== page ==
Saudi Arabia has reportedly moved military forces toward its borders with Iraq, and while Riyadh and the Gulf States may not confront an acute security threat in the short-term, the advances made by ISIS and the inherent geographic and demographic challenges associated with truly containing the expansion of the Islamic State, demands their support and commitment. Moreover, Saudi Arabia's critical influence with Sunni communities across the region will likely play a critical role in any longer-term political resolution in Iraq and/or Syria. The fact that Saudi funds, whether officially sanctioned or not, contributed to the emergence of ISIS is an unfortunate reality, but Saudi's leaders also seem well aware that their shadowy proxy war against Iran has the potential for serious blowback that could threaten the regime. U.S. representatives should emphasize this threat and push hard for constructive Saudi engagement.

Some have questioned the wisdom of intervention in the current conflict precisely because it seems to be an outgrowth of an underlying rivalry between Sunni and Shia in the larger Middle East. While the Sunni-Shia rift is an undeniable dimension of politics across the region, the recent advances by ISIS and the consolidation of control over territory stretching from Syria into western Iraq constitutes a dangerous shift in the regional balance that must be addressed sooner-rather-than-later and most likely through military means that will extend beyond limited air strikes. With the Islamic State on the march, the stability of the region and the security of U.S. allies will be under direct threat. Issues of larger political settlements within Iraq and across the region are important, but they are necessarily secondary to the threat of ISIS. The recent nomination of a new Iraqi Prime Minister and Maliki's decision to step aside offer some hope for a political resolution in Baghdad, which may enhance Iraq's capacity to carry the fight to ISIS, but to this point the use of American military power has been prudent, effective and necessary.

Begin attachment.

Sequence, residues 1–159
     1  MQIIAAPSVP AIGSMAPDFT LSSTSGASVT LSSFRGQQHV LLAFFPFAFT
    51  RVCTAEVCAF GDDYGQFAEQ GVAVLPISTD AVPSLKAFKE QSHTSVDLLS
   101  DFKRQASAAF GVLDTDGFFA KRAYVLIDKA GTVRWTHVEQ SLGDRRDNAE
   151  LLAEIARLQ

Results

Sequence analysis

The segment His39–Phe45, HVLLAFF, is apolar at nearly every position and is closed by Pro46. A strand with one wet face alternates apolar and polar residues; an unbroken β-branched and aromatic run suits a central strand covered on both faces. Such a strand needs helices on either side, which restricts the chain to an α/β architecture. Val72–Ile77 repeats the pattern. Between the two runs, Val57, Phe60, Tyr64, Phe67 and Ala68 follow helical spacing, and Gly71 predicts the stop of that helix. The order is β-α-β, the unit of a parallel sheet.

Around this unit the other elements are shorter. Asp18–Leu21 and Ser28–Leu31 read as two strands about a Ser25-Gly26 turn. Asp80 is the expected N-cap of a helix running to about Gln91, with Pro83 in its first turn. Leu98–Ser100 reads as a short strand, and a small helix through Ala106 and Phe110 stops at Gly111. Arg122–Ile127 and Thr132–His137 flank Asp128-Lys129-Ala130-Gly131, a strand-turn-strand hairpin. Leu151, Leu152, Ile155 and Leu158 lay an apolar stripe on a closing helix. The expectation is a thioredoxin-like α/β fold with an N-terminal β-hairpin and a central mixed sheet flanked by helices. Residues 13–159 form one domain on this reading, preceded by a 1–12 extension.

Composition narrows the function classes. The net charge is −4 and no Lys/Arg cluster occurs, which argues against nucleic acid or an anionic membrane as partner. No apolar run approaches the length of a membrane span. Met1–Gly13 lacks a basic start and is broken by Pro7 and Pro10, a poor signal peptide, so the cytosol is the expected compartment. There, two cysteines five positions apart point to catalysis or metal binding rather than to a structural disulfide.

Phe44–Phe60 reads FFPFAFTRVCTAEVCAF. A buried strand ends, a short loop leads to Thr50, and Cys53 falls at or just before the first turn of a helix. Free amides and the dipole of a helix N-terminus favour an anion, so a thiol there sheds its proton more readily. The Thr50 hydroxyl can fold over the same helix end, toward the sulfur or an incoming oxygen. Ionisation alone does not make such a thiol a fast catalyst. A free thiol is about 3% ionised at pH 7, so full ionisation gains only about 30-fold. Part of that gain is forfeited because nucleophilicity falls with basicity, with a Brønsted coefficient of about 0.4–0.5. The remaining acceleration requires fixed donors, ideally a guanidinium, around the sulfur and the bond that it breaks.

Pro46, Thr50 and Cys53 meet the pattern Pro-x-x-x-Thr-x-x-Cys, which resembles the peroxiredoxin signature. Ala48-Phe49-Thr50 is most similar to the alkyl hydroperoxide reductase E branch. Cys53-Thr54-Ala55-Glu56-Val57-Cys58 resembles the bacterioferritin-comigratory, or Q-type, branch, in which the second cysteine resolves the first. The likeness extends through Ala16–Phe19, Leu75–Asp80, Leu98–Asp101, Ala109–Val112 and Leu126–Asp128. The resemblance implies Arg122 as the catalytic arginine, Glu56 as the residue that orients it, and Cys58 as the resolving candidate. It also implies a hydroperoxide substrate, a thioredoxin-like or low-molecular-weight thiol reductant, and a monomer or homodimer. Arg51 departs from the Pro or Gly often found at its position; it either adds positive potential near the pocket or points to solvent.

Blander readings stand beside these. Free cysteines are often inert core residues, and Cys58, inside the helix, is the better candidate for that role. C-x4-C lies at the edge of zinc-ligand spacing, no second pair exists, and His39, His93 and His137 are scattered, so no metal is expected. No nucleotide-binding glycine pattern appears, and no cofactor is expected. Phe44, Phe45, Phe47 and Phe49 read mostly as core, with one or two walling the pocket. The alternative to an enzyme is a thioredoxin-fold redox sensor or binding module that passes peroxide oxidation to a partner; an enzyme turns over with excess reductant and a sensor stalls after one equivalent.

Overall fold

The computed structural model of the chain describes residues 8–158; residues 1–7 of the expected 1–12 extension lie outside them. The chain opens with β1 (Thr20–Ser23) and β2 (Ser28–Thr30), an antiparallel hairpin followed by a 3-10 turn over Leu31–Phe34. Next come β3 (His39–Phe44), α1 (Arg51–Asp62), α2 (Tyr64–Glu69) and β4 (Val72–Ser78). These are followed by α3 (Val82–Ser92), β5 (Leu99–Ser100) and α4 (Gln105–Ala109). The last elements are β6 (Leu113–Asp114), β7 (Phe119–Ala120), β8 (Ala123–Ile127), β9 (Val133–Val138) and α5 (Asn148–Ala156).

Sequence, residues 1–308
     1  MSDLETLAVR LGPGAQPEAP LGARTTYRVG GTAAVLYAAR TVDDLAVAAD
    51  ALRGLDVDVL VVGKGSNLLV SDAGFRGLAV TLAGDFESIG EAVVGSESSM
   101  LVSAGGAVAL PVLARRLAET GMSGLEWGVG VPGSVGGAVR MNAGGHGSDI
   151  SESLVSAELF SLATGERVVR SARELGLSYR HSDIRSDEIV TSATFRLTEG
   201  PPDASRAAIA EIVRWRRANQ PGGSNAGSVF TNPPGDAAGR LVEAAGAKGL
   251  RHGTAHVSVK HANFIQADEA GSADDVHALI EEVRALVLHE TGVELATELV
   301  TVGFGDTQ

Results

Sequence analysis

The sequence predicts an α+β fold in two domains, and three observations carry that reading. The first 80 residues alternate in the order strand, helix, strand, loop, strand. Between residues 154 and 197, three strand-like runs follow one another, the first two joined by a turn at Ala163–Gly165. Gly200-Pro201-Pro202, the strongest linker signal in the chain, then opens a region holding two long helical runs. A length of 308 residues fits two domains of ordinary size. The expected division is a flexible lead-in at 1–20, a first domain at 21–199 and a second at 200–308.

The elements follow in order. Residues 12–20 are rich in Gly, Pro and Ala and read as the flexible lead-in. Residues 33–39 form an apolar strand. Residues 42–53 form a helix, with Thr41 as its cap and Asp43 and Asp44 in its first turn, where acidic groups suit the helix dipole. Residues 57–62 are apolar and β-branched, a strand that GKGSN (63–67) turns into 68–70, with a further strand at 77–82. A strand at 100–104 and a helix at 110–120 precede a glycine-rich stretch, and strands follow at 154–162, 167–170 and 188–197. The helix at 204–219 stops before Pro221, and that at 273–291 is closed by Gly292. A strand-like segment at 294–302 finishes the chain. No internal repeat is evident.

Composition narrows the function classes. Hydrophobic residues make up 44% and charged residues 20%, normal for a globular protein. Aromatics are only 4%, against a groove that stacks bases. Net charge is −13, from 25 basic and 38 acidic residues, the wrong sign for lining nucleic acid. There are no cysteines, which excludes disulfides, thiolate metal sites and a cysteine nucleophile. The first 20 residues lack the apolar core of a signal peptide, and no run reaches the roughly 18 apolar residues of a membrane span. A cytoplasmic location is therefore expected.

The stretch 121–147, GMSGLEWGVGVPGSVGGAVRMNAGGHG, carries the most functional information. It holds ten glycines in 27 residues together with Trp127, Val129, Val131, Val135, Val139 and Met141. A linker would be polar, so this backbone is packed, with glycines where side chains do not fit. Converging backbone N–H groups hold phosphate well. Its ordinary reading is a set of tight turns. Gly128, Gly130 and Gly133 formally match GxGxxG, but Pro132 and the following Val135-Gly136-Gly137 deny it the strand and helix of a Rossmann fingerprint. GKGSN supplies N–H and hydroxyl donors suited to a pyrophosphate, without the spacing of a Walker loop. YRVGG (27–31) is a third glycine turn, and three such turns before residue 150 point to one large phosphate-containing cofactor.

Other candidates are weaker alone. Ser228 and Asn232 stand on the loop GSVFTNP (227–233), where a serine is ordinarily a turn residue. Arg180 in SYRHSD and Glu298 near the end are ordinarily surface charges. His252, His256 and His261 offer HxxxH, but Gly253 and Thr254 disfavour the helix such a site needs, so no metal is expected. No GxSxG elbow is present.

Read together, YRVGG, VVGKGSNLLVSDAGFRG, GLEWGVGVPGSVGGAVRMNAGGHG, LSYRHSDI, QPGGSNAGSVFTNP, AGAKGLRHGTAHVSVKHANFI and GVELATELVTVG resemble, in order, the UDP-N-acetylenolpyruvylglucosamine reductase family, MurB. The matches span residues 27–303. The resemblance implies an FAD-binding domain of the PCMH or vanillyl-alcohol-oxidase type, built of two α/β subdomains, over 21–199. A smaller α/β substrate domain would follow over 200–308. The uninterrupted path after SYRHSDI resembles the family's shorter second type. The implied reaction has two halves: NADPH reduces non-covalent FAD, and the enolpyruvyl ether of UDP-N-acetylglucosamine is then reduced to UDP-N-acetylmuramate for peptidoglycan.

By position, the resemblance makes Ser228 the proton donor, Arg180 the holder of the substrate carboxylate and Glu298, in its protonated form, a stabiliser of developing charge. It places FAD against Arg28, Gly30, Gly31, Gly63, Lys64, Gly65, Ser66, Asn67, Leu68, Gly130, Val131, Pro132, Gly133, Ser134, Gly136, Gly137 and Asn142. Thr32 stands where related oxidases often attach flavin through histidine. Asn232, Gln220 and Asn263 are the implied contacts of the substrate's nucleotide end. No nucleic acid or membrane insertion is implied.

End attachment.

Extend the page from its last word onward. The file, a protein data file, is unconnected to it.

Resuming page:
In the absence of further action, the Islamic State will pose an increasing threat to the United States, whether to Americans abroad, vital allies in the Middle East, North Africa or Europe, or to the homeland. Given the writings and speeches of their leader, there should be little doubt that if ISIS manages to carve out and maintain political control over their territorial conquests in Syria and Iraq, there is no reason to believe that they would not target the United States directly if their "caliphate" is achieved, providing the safe haven and resources to achieve the "global reach" that Al Qaeda once possessed from its sanctuary in Afghanistan.

Reversing the recent gains of ISIS will take time and should be primarily the task of regional powers, but the United States must engage those powers to coordinate and support their respective efforts. The limited use of airpower to avoid a humanitarian disaster and break the ISIS offensive against the Kurds is a starting point. The use of American military power may actually become less prevalent in coming days, but continued U.S. involvement and the utilization of diplomatic influence, intelligence sharing, and economic assistance should remain critical tools in addressing the threat of ISIS to the region.